-The Invisible Gorilla: How Our Intuitions Deceive Us (from the chapter entitled “Virtue of Being Like an Annoying Child,”)

I think it’s interesting to actually try doing what’s described in the above example. Personally, I chose a zipper as my example. It seemed simple enough; I’ve zipped lots of zippers before, and zipping zippers doesn’t seem all that complicated. But then I tried to explain to someone how they actually work, and I truly had no idea where to start. How do the teeth push together? How do they stay locked in place after the zipper has passed by? What mechanism is used to actually lock them in place? I could only hypothesize about these questions, and I definitely wasn’t confident in my answers.

I like the passage from the Invisible Gorilla book because it reminds us that to truly understand something, we have to be “persistently inquisitive,” even to the point of being annoying. This means that we can’t say something is so “just because it is.” There has to be a reason, and a reason for that reason, and perhaps even a reason for that reason, too. This is the virtue of being like an annoying child.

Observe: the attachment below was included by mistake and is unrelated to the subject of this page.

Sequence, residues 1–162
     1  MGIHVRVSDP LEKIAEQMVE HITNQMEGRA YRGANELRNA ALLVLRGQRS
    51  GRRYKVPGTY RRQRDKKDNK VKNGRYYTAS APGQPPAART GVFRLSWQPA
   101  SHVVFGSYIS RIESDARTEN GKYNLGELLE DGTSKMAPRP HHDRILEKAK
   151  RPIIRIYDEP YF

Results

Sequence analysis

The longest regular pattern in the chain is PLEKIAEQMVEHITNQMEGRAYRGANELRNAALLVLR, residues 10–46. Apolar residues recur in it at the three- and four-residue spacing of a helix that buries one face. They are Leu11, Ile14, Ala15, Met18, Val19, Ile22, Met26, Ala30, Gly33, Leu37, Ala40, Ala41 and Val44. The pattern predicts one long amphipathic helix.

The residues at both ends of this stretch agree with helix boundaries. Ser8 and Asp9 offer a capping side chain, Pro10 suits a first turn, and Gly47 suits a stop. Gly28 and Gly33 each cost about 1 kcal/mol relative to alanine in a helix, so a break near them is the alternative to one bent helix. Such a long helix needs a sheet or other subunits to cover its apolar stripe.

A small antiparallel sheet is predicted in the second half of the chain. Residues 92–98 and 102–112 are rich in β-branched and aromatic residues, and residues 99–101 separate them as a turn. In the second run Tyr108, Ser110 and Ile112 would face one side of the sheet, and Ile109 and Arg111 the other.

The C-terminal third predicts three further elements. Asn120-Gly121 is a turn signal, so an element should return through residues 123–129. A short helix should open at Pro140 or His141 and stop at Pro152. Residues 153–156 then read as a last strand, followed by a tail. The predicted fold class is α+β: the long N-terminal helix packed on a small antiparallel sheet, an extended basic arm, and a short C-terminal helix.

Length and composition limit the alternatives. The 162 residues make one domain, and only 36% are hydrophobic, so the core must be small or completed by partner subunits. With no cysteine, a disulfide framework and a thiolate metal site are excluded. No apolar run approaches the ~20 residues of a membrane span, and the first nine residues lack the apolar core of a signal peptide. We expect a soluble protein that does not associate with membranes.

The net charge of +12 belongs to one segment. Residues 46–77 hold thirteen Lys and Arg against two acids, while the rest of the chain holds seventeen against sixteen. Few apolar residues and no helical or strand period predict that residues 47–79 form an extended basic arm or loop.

There has to be a reason why a zipper stays zipped, just like there has to be a reason that it is mechanically harder for your horse to canter on the left lead than the right lead. Just like there has to be a reason why leg yielding is easier in one direction for you. Just like there has to be a reason for just about everything we do.

The mechanics matter. And it matters for coaches and riders to be able to understand the mechanics, because unless you can understand them, you cannot teach them. If an annoying child asked you, “what’s a shoulder-in?”, could you explain, step-by-step, how it works? To do so, we have to be more than familiar with the concepts. We have to genuinely know how and why they work. And it can take a lifetime to achieve that.